Hailing from the Czech Republic, Pandemia is a bit like the death metal equivalent of Everybody Loves Raymond; it’s been around a while appeared alongside plenty of important things, but you’ve never met anyone who really knows much about it. Maybe you’ve run across it once and stuck around for a few minutes, but something else caught your attention pretty quickly. While not renown in the traditional sense, there are people out there that care about and listen to Pandemia, just as, I assume, there were at one point people who would stop channel surfing when Ray Romano popped up on their CRT. And for that reason, At the Gates of Nihilism is worthy of review; not because of its expected impact or artistic statement, but because hey, nothing else is on. Plop your ass on the couch and eat some pretzels.
“Rotting in Mold” and “Nihilistic Age” kick off At the Gates of Nihilism in the fashion of its titular truncation – that is to say, with björiffs and ample mid-range screaming. Jiří Krs delivers excellent vocals throughout the album, gravelly and grisly but remarkably intelligible; the drawback to this being that the lyrics aren’t quite up to par, but more in the double bogie range. Listening to him yell “Godless Biiitch!” and “Waaaaarmongeeeeeer” gets old faster than brie left out in a minefield, and by the end of the album you’re kind of glad he’s put a sock in it.
Luckily, when Jiří’s larynx still themselves the other instruments fill in, and everything’s in place. The guitars are tight and aggressive, and the drums hold down grooves and blast beats with ease, just don’t expect anything spectacular. Stylistically, At the Gates of Nihilism is no black sheep. The aforementioned At the Gates influence runs deep, and not a song goes by where it doesn’t flare up, but there are a few other bands that get riff-checked. “Warmonger” shoots for an early-2000s Amon Amarth sound and largely succeeds, while “Cult of God” has a bit of Decapitation in it. Varied they are not, but Pandemia know their way around death metal.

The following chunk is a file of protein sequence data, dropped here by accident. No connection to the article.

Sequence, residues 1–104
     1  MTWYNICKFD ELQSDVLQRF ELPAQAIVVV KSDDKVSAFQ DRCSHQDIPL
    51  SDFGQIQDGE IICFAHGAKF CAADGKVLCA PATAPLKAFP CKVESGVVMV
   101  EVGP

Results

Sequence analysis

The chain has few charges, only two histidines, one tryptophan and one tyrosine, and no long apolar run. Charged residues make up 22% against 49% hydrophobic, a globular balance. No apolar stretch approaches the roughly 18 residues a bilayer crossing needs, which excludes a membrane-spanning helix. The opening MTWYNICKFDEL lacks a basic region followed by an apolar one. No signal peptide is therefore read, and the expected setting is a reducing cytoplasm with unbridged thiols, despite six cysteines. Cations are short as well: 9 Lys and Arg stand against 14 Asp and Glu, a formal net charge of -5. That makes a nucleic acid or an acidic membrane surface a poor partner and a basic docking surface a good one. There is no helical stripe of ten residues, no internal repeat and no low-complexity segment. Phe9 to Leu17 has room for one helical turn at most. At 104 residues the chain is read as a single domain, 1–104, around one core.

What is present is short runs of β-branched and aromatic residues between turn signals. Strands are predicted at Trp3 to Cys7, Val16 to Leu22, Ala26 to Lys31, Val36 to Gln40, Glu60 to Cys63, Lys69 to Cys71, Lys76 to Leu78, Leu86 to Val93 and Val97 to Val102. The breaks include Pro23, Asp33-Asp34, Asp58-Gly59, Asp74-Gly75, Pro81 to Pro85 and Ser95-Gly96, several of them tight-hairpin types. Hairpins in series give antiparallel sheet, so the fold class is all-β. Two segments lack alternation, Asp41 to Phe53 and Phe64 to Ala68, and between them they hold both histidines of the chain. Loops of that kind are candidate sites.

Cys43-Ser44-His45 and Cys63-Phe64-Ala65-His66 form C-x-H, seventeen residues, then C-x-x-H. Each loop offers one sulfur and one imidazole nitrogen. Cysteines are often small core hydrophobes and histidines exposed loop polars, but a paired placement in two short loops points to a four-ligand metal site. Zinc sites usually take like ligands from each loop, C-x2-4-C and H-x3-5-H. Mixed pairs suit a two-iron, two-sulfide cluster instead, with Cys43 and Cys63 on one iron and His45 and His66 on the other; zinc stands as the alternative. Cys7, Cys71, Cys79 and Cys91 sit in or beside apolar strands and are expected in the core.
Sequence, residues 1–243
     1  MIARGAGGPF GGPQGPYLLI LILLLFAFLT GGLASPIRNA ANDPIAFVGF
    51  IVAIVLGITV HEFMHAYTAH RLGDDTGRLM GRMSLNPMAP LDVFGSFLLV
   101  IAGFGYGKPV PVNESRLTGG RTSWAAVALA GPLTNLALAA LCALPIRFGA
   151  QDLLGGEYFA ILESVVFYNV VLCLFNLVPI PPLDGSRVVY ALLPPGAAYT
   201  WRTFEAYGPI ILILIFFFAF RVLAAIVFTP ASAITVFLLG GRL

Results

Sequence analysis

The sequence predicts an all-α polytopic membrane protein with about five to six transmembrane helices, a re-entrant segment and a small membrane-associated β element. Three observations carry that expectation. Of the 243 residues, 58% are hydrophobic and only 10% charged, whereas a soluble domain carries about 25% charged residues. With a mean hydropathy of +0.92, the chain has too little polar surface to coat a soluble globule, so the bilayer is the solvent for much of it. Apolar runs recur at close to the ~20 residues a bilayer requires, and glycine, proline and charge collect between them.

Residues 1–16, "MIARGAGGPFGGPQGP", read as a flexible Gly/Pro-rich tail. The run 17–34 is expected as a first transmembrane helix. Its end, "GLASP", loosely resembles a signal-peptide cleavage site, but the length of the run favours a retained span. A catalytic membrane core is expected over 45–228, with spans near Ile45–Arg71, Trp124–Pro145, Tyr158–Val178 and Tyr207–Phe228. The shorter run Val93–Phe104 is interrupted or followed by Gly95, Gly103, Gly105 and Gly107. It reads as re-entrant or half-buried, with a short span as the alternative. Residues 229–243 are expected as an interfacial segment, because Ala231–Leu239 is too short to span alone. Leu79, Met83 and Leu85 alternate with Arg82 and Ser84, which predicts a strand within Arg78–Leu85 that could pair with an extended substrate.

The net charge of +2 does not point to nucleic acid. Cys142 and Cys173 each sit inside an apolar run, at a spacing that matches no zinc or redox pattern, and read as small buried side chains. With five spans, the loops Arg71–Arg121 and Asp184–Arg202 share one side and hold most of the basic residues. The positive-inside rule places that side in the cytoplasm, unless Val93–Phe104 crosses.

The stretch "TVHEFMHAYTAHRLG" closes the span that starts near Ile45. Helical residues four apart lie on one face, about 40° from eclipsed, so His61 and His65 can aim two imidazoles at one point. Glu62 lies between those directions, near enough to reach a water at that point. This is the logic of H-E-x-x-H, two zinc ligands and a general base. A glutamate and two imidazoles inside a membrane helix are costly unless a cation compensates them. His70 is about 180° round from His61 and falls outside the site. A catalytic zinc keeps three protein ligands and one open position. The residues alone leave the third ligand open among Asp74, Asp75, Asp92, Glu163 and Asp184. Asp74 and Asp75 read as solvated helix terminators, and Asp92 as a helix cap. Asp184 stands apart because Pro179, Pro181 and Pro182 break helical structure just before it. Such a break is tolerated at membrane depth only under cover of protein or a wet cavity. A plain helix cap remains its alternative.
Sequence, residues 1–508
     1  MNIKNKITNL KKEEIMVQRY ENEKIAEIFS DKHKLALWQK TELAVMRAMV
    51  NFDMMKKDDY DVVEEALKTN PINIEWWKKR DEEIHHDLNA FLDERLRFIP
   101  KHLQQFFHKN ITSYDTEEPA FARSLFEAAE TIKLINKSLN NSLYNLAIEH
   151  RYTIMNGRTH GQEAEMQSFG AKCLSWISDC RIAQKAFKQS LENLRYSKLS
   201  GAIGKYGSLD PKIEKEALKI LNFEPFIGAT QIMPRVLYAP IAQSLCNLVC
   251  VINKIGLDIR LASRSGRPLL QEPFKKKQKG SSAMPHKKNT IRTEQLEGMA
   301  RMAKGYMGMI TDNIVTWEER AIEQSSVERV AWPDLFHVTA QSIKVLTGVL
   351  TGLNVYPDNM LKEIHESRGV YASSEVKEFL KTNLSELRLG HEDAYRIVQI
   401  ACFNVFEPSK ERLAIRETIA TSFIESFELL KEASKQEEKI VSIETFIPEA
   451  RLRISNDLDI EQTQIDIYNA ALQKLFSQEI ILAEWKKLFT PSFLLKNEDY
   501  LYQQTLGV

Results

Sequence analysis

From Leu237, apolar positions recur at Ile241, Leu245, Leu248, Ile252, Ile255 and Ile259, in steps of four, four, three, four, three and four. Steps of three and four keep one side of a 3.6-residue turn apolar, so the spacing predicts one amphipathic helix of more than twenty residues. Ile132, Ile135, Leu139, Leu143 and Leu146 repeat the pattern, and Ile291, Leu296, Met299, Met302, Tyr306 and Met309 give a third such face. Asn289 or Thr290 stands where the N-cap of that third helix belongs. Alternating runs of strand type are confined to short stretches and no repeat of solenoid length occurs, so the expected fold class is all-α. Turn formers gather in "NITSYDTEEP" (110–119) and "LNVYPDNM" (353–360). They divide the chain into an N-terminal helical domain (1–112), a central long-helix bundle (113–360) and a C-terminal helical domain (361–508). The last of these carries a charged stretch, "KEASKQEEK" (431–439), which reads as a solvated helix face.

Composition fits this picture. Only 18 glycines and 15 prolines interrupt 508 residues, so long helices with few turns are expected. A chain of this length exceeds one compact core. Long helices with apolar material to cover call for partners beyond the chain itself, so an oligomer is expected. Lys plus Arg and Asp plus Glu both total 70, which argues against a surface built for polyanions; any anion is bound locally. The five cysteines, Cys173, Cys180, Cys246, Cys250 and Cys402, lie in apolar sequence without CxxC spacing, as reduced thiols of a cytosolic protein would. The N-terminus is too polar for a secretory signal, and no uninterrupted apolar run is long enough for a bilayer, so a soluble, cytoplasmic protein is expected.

Amongst the pretty square numbers are a few standout songs and a few stinkers. “Killed” focuses on a main riff that’s just unimaginably uninteresting, and “Godless Bitch” and “Harlots of War” are guaranteed to be skipped over after your first listen through. After “Harlots of War,” “Zyklon B” takes a decided turn for the better, but it doesn’t quite save the album. Its riffing is by far the album’s best, and the bass and piano dominated bridge shakes up an album that was apparently devoid of both instruments beforehand. The aforementioned “Rotting in Mold” and “Warmonger” aren’t too shabby either, but the amount of blandness in between them isn’t worth wading through.
If Pandemia are only at the gates, I’m all the way on the other side. This kind of corny war metal is about as compelling as a cinderblock and half as aesthetically pleasing. It’s not heavy enough to be entertaining just because of brutality, the riffs and melodies aren’t good enough to get stuck in your head, and overall it’s just bland enough to make Greek yogurt look edgy. Unless you’re fifteen, easily upset by lack of mayonnaise, and have a good start on your bayonet collection, this isn’t the album for you.